Use this URL to cite or link to this record in EThOS: https://ethos.bl.uk/OrderDetails.do?uin=uk.bl.ethos.746056
Title: An examination of spiritual education in Steiner Schools
Author: Pearce, J. L.
Awarding Body: UCL (University College London)
Current Institution: University College London (University of London)
Date of Award: 2015
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Abstract:
Steiner schools constitute the fastest growing alternative education movement in the world. There is good reason to think that some of their spiritual education practices might be compatible with the aims of spiritual education in common schools. Yet we know little about them. I begin this thesis by establishing the importance and relevance of finding out more about Steiner schools, particularly in terms of understandings and practices in relation to spiritual education within these schools. I go on to suggest spiritual education is an area in which common schools “could do better”. I define spirituality as concerning relationship with the divine, or transcendent, with engagement in spiritual activities, such as prayer and worship, being attempts at connecting with the transcendent. I argue that the aims of spiritual education in common schools should be to educate pupils about, and prepare them for (as distinct from initiating them into), spirituality. Given that education about spirituality should already be adequately dealt with in religious education, I attend mainly to preparation for spirituality which I argue could be achieved by developing pupils’ inner lives. Following my defence of spiritual education as learning about and preparation for spirituality, I turn to my examination of spiritual education in Steiner schools. This examination was conducted through a textual analysis of Rudolf Steiner’s teachings, and an ethnographic study of one Steiner school supported by qualitative data collection in five other schools. This study suggests contemporary understandings and practices adhere closely to the teachings of Steiner, whose educational philosophy is rooted in Anthroposophy. Despite what I refer to as the “weakly confessional” nature of spiritual education in Steiner schools, which nurtures religious or quasi-religious belief in preference to atheism, I argue that a number of practices need not be conducted in a confessional manner and are likely to contribute well to the aims of spiritual education I advocate for common schools. As such, they are worthy of serious consideration by those responsible for spiritual education in common schools.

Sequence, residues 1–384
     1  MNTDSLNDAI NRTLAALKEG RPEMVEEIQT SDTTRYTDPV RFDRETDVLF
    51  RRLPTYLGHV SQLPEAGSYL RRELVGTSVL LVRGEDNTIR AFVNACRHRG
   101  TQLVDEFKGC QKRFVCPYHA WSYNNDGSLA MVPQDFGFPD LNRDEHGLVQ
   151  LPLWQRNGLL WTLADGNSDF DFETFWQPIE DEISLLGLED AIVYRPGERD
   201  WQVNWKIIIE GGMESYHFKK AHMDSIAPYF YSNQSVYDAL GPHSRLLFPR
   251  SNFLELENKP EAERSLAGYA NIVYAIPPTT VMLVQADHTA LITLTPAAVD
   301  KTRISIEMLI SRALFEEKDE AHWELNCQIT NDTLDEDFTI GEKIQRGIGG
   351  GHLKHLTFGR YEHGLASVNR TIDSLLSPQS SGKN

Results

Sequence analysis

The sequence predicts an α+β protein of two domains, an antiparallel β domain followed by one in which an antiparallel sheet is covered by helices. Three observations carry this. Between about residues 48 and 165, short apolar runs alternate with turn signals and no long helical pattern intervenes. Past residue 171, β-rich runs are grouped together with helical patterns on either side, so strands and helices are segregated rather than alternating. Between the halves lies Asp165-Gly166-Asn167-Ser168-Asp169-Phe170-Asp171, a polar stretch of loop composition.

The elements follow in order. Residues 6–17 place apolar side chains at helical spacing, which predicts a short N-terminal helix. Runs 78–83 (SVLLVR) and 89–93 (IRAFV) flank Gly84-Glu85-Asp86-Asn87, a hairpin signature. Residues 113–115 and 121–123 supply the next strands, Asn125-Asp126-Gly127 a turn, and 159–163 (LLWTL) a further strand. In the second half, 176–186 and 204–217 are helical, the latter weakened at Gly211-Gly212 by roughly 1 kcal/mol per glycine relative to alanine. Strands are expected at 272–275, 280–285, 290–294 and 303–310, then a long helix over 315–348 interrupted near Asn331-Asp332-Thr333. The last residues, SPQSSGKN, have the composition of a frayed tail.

Supervisor: Hand, M. Sponsor: Not available
Qualification Name: Thesis (Ph.D.) Qualification Level: Doctoral
EThOS ID: uk.bl.ethos.746056  DOI: Not available
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